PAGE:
The traveling exhibit “Americans and the Holocaust” comes from the Holocaust Museum in Washington, D.C. It is circulating among only 50 libraries in the United States. Two are in California: the Fresno Central Library and the library at UC Irvine.
“It arrived in shipping crates,” said the Fresno County Library’s community engagement manager, Fae Giffen. “There were some instructions sent by the American Library Association, including a video of how to unpack it, and some floor plans we could choose from. Our maintenance crew was able to unpack it and put it together.”
The exhibit, a series of panels with photos and text and several video screens, is now in the Saroyan Gallery near the entrance of the Central Library on Mariposa Street downtown.
Giffen said that the exhibit has been well received. “We’ve gotten such positive feedback from the community about this exhibition.
“We’ve had a lot of people come up to staff and say how happy they are that this exhibition has been here, that they’ve really learned a lot, that they found it really interesting and they’re just really glad that they had the opportunity to tour it.”
It was standing room only at the opening ceremony on Nov. 5, when around 75 people came to hear a panel of speakers and take a first look at the exhibit.
Dr. Robert Nelson, superintendent of the Fresno Unified School District, said, “This exhibit that we celebrate today is a great way to expand our understanding and be comfortable with information that is at best unsettling, horrific at worst. But you can’t walk away from the things that happen in the world if you want to be an educator. [Learning] contributes to making us better human beings.”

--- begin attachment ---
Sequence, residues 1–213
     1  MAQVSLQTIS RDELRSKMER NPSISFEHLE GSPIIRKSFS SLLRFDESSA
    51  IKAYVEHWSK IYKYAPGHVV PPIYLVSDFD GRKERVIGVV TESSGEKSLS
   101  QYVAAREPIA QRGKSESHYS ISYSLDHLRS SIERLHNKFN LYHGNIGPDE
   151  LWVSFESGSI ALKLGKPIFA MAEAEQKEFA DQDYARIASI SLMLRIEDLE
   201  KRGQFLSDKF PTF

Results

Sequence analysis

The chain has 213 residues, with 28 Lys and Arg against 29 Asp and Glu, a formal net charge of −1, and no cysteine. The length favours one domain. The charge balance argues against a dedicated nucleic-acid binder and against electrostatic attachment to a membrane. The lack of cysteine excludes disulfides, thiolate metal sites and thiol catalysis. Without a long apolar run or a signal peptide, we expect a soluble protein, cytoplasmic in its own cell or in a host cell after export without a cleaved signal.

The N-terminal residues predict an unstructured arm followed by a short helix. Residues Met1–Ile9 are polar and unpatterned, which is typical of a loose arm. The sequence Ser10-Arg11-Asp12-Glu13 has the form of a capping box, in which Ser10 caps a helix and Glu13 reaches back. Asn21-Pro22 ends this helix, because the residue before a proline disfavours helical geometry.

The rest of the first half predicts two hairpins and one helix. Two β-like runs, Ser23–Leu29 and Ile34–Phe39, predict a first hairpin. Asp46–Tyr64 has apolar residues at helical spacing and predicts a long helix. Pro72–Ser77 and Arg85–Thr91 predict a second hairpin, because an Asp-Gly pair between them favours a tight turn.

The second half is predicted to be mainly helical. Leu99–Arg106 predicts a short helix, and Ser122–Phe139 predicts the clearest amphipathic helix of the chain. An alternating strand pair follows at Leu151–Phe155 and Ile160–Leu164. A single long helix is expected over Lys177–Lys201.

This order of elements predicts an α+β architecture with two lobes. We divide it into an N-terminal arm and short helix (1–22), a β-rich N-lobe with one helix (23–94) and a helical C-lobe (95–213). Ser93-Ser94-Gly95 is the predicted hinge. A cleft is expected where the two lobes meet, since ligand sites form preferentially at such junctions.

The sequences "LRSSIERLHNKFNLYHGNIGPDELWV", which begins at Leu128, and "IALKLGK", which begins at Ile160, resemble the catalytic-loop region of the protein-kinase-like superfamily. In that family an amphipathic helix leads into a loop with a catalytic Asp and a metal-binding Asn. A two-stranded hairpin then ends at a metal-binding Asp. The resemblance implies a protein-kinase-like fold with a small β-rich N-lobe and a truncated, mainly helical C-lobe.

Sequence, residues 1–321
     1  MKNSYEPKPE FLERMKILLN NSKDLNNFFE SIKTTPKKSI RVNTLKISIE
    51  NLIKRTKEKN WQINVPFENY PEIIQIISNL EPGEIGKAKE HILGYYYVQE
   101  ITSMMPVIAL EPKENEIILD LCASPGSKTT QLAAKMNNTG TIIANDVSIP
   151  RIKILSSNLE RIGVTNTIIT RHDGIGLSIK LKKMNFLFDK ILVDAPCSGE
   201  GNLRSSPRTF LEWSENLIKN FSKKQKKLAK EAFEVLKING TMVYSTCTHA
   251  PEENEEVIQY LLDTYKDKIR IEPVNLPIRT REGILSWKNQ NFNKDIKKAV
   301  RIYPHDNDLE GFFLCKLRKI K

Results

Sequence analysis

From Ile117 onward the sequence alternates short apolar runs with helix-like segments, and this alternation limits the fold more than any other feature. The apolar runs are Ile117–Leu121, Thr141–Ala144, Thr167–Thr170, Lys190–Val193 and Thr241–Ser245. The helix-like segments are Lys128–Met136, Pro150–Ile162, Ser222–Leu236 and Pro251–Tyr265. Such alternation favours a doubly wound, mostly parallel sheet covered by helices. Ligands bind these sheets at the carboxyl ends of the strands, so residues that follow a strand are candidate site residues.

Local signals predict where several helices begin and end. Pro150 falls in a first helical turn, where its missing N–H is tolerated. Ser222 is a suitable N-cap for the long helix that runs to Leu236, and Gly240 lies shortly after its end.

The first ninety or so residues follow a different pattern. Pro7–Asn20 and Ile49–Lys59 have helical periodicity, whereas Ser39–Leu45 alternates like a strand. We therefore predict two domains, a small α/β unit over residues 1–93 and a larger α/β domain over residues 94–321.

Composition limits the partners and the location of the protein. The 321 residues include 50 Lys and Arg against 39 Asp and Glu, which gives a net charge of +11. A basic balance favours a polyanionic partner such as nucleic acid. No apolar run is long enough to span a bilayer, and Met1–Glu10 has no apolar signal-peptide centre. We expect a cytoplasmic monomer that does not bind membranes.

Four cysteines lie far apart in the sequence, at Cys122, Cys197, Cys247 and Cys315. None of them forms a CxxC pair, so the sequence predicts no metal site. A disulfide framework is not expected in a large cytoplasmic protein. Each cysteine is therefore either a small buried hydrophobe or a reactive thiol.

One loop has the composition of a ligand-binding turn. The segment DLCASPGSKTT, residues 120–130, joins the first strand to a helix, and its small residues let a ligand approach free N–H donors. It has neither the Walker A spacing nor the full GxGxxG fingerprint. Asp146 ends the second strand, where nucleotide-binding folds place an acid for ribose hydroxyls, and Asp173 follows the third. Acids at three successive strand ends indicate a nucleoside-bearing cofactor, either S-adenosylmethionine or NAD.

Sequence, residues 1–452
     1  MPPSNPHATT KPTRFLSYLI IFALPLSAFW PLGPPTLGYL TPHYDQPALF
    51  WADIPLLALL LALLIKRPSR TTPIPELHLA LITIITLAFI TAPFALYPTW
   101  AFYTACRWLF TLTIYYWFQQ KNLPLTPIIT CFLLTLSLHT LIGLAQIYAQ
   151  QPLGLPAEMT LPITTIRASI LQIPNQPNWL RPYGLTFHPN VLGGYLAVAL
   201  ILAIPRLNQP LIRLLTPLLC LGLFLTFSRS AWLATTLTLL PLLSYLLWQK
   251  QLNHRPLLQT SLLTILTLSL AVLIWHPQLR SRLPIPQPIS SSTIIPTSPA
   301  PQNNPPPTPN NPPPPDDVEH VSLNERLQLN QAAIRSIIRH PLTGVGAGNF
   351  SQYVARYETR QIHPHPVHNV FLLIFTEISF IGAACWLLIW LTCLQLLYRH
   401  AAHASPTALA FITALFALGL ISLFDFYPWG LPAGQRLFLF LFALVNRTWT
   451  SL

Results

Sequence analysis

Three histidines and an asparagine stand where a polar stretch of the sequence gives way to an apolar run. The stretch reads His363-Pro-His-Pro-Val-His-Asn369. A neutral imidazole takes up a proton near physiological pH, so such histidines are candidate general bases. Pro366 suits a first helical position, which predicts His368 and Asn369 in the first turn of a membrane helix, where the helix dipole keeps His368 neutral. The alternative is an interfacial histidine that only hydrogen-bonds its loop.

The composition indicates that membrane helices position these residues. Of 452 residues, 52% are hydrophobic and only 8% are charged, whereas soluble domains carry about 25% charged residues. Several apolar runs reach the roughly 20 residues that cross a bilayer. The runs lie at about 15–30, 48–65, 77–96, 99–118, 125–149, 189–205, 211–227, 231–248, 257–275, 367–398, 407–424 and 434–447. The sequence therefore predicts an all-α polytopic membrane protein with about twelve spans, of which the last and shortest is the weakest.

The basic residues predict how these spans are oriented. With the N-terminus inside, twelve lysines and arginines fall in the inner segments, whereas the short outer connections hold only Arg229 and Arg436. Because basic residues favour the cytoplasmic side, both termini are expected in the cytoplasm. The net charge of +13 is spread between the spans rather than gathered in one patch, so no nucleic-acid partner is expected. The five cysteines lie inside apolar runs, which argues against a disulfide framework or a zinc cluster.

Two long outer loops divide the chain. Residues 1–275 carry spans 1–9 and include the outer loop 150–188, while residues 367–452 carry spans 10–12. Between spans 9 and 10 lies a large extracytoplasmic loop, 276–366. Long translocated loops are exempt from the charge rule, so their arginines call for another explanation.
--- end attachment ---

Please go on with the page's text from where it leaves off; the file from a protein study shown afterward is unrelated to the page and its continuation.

Rabbi Rick Winer of Temple Beth Israel, the Reform congregation in Fresno, spoke briefly. “Here we are in the library surrounded by books,” he said.
“Books are a crucial part of Jewish tradition and certainly American tradition as well. Across town at Temple Beth Israel, we have quite a collection of books, but the most important ones [are] the scrolls that we call Torah.
“The Torah scroll contains our ancient legacy of sacred storytelling. One of our Torah scrolls came to us through the Memorial Scrolls Trust, which cares for just over 1,500 scrolls rescued from the Holocaust. After World War II, these scrolls were dispersed throughout the world as a living memorial to the culture devastated by the Nazis, to the people murdered by the Nazis.”
Dr. Nelson said that teachers in Fresno schools should be prepared to teach about the Holocaust, and that knowledge of the Holocaust ripples out into understanding of the trials and tribulations of many other minority groups.
“We really don’t need you as an educator in Fresno County if you don’t understand some of your history,” he said.
“You can’t really teach Hmong students without understanding something about the Secret War in Laos. Or the Armenian genocide. Or if you don’t know about redlining in 93706, or if you aren’t sure about braceros or you don’t understand migrant labor. There’s just some stuff you need to know if you want to work here in the Valley and serve the kids that we serve.”
Also speaking on Nov. 5 was Dr. Jill Fields, the founding coordinator of the Jewish Studies program at Fresno State.
She said that Jewish Studies crosses social barriers: “What I’ve found in my classroom is that our students of Armenian descent understand things about Jewish history and vice versa. This is a dynamic kind of relationship.
“I’ve also found Mexican American students, African American students, students of all backgrounds, Hmong students, they understand certain aspects of what we talk about in Jewish studies classes. And it’s that reaching out, reaching across boundaries [that] is so significant about having this exhibit here in Fresno.”